UK Politics

MP Dromey apologises for breaching Commons rules

Jack Dromey
Image caption Mr Dromey admitted he had made mistakes and updated the Commons register

A Labour MP has apologised for breaching Commons rules by not registering payments connected to his former job as a top trade union official, until a year later.

Jack Dromey did not record £27,867 received from Unite between May 2010, when he was elected, and October that year - until October 2011.

He also did not reveal a separate one-off £30,000 payment for seven months.

A Commons committee said the breaches were "serious" but not "intentional".

Mr Dromey, who is married to deputy Labour leader Harriet Harman, was deputy general secretary of Unite before being elected MP for Birmingham Erdington.

Rules breached

The Parliamentary Commissioner for Standards, John Lyon, investigated Mr Dromey's entries in the members' register of financial interests, following a complaint by Conservative MP Andrew Bridgen.

Publishing its analysis of the watchdog's report, the Commons standards and privileges committee concluded that Mr Dromey had breached a number of rules about prompt registration of interests and their declaration in Parliament.

In June 2010, Mr Dromey stated in the register of members' interests that he was leaving his job as deputy general secretary of Unite, following his election as an MP, and had declined his salary in the meantime.

However, he updated the register in October 2011 to state that he had received £27,867 in pay from Unite between the day of his election and 30 October 2010 - when he stopped working for the union.

The committee said Mr Dromey had worked between 10 and 15 hours a week for the union during this period - excluding August when he was on holiday - effectively fulfilling his notice period.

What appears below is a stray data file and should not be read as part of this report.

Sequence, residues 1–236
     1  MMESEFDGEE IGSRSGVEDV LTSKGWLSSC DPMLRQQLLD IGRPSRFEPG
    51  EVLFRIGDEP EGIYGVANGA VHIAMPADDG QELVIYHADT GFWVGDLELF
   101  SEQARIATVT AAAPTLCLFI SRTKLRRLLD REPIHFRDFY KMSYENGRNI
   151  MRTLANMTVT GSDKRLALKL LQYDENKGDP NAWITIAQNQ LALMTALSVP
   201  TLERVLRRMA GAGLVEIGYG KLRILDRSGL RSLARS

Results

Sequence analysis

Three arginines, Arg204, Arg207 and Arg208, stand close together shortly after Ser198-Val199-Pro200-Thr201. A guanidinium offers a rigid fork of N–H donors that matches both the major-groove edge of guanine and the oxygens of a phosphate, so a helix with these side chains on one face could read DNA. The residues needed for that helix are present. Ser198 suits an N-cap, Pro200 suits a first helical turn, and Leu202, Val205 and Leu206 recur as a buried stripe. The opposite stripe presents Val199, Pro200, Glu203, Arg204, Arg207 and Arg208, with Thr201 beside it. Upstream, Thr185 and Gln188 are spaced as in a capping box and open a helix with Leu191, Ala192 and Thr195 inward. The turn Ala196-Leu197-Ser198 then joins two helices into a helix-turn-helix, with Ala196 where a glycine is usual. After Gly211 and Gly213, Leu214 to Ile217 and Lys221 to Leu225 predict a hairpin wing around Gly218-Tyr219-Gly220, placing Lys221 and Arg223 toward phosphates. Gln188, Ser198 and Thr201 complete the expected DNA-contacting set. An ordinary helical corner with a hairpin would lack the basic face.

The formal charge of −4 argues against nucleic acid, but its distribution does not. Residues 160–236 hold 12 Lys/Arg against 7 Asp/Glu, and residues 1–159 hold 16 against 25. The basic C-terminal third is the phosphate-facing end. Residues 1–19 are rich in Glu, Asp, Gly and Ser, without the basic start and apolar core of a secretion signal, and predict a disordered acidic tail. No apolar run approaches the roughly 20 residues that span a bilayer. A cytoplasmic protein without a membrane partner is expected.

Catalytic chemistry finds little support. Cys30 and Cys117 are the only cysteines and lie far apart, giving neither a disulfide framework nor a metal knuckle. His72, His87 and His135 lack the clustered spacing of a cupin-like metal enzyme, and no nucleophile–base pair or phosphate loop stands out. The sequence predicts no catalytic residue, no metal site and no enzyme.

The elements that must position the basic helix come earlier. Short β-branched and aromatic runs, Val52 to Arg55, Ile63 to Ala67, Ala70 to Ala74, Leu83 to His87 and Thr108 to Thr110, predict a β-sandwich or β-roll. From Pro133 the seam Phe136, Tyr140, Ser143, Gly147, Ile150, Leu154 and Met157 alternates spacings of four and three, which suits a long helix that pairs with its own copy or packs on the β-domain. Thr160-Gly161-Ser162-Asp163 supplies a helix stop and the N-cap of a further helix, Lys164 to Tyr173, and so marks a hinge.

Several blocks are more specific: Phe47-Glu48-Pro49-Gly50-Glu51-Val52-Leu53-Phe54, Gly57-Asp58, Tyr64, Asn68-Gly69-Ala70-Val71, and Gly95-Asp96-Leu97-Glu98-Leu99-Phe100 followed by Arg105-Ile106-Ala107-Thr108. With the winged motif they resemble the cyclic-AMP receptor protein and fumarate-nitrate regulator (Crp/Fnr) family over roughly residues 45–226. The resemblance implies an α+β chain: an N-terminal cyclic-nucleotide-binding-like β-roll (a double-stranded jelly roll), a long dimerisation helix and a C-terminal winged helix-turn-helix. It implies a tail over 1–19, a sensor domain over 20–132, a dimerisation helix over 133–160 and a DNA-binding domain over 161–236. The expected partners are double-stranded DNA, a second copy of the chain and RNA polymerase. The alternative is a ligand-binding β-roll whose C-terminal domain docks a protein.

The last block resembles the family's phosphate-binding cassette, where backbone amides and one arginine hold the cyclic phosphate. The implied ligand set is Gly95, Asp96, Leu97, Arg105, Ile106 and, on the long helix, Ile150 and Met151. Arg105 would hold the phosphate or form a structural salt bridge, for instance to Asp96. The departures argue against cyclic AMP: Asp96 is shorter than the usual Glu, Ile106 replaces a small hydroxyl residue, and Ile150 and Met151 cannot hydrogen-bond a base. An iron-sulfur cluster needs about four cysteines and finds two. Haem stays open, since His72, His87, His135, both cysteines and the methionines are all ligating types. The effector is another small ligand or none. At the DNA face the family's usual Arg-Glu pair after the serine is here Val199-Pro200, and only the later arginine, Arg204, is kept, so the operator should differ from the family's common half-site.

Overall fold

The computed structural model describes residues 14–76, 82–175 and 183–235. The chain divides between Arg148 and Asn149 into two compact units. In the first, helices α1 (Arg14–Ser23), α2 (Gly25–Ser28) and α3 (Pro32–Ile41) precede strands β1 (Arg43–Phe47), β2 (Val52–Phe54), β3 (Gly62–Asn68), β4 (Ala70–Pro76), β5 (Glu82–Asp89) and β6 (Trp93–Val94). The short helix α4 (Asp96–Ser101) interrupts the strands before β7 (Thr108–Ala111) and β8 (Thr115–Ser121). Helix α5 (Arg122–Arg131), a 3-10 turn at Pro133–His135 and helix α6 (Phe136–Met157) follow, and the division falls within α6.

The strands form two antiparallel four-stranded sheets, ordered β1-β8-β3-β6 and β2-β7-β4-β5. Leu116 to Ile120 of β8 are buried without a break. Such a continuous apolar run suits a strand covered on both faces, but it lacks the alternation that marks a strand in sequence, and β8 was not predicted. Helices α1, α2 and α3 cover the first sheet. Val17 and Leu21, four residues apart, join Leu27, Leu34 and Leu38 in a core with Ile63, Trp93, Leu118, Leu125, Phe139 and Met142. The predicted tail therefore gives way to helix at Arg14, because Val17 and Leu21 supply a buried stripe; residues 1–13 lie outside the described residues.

Failing to disclose what he was paid for this work within the recommended four-week period was a "clear and incontrovertible" breach of the rules, it stated.

One-off payment

It also found that the MP had not registered a £30,000 one-off payment from Unite - made in recognition of his long years of service to the union - until July 2011, even though he had received it the previous November.

He also did not disclose his use of a car and phone paid for by Unite between May and September 2010 until the following autumn.

The committee also upheld Mr Bridgen's complaint that Mr Dromey should have declared his connection to Unite before speaking in Parliament on three occasions, when his financial interest was "relevant" to the matters being discussed.

But it rejected a similar complaint about three other interventions made by Mr Dromey in Parliament.

The committee said the breaches were "serious" matters and Mr Dromey should have given a "much higher priority" to updating his entry in the register of interests.

But it said there was no evidence the breaches were intentional and the MP had co-operated fully with the watchdog's inquiry.

Addressing MPs on Thursday, Mr Dromey said: "I failed to update, in time, my initial registration in respect of payments received from my previous employer during the months of June to October 2010.

"This I have now done. I also failed to declare an interest in speaking in two debates on June 16, 2010 and September 16, 2010.

"Notwithstanding that the commissioner and the committee noted that the breaches were unintentional, I want to apologise unreservedly to the House and I will in future fully abide by the rules of the House."

Mr Bridgen welcomed the investigation into Mr Dromey and said; "As a former Labour Party treasurer and with his wife, Harriet Harman, having been an MP since 1983, he should have known he needed to register his union payments."

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